Enterprise Java

Build Reactive REST APIs with Spring WebFlux – Part2

In continuation of the last post, in this article, we will see the reactive streams specification and one of its implementation called Project Reactor. Reactive Streams specification has the following interfaces defined. Let us see the details of those interfaces.

  • Publisher → A Publisher is a provider of a potentially unlimited number of sequenced elements, publishing them as requested by its Subscriber(s)
public interface Publisher<T> {
    public void subscribe(Subscriber<? super T> s);
  • Subscriber → A Subscriber is a consumer of a potentially unbounded number of sequenced elements.
public interface Subscriber<T> {
    public void onSubscribe(Subscription s);
    public void onNext(T t);
    public void onError(Throwable t);
    public void onComplete();
  • Subscription → A Subscription represents a one-to-one lifecycle of a Subscriber subscribing to a Publisher.
public interface Subscription {
    public void request(long n);
    public void cancel();
  • Processor → A Processor represents a processing stage — which is both a Subscriber and a Publisher and obeys the contracts of both.

The class diagram of the reactive streams specification is given below.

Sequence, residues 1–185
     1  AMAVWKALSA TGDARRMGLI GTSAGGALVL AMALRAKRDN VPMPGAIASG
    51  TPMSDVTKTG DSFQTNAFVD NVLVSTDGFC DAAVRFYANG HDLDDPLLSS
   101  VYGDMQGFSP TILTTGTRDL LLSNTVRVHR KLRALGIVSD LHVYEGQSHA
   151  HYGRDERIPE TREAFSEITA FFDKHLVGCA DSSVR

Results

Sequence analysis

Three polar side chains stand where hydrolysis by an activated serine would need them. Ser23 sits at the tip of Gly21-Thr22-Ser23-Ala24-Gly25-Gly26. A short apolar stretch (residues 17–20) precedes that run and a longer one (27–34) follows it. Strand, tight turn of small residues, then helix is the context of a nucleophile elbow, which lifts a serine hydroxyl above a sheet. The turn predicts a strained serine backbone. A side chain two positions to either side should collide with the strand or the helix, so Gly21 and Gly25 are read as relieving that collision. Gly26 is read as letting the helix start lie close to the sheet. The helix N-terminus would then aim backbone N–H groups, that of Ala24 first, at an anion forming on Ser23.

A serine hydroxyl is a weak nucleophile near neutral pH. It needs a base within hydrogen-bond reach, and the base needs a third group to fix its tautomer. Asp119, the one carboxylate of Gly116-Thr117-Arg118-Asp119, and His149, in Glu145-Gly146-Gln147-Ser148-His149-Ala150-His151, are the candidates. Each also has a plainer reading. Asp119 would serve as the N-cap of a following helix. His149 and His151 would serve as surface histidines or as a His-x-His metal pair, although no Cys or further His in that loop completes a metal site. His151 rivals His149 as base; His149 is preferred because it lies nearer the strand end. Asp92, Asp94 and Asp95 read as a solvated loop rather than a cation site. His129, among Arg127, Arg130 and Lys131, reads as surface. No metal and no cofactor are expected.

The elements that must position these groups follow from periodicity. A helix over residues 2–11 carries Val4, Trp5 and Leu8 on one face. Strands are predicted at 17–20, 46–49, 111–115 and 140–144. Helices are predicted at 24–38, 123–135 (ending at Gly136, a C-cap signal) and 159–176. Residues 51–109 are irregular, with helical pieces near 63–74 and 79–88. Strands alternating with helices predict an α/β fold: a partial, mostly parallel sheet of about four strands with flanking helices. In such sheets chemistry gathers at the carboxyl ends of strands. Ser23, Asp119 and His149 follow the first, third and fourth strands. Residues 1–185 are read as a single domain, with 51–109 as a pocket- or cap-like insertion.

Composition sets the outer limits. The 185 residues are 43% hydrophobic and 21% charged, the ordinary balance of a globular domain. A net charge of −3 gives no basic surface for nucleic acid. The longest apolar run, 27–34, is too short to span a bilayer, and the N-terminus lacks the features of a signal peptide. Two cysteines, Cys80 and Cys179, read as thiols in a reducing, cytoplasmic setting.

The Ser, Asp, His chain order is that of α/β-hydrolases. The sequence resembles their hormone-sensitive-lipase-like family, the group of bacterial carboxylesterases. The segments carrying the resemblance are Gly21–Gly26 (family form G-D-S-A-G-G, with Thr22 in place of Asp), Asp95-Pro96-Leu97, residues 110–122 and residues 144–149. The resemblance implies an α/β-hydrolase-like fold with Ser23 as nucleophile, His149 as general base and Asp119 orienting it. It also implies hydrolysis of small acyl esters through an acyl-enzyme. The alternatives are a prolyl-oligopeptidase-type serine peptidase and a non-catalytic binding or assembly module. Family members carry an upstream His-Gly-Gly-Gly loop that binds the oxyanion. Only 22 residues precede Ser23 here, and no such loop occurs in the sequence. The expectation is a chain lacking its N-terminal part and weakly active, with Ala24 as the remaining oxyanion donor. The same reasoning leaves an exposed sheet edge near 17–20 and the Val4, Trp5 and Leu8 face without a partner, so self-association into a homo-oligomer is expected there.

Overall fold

The reactive streams specification has many implementations. Project Reactor is one of the implementations. The Reactor is fully non-blocking and provides efficient demand management. The Reactor offers two reactive and composable APIs, Flux [N] and Mono [0|1], which extensively implement Reactive Extensions. Reactor offers Non-Blocking, backpressure-ready network engines for HTTP (including Websockets), TCP, and UDP. It is well-suited for a microservices architecture.

  • Flux → It is a Reactive Streams Publisher with rx operators that emits 0 to N elements, and then complete (successfully or with an error). The marble diagram of the Flux is represented below.
  • Mono It is a Reactive Streams Publisher with basic rx operators that completes successfully by emitting 0 to 1 element, or with an error. The marble diagram of the Mono is represented below.

As Spring 5.x comes with Reactor implementation, if we want to build REST APIs using imperative style programming with Spring servlet stack, it still supports. Below is the diagram which explains how Spring supports both reactive and servlet stack implementations.

Image Credit: spring.io

In the coming article, we will see an example application with reactive APIs. Until then, Happy Learning!!

Published on Java Code Geeks with permission by Siva Janapati, partner at our JCG program. See the original article here: Build Reactive REST APIs with Spring WebFlux – Part2

Opinions expressed by Java Code Geeks contributors are their own.

Siva Janapati

Siva Prasad Rao Janapati is an Architect. He has hands on experience on Java, JEE, Spring, Oracle Commerce, MOZU Commerce, Apache Solr, Apache Kafka, Node.js, JBoss, Hibernate, Memcached, MySql, Oracle, MongoDB, APIGEE, Cloud Native, BlockChain and other open source/enterprise technologies. He loves to explore new technologies and trends.
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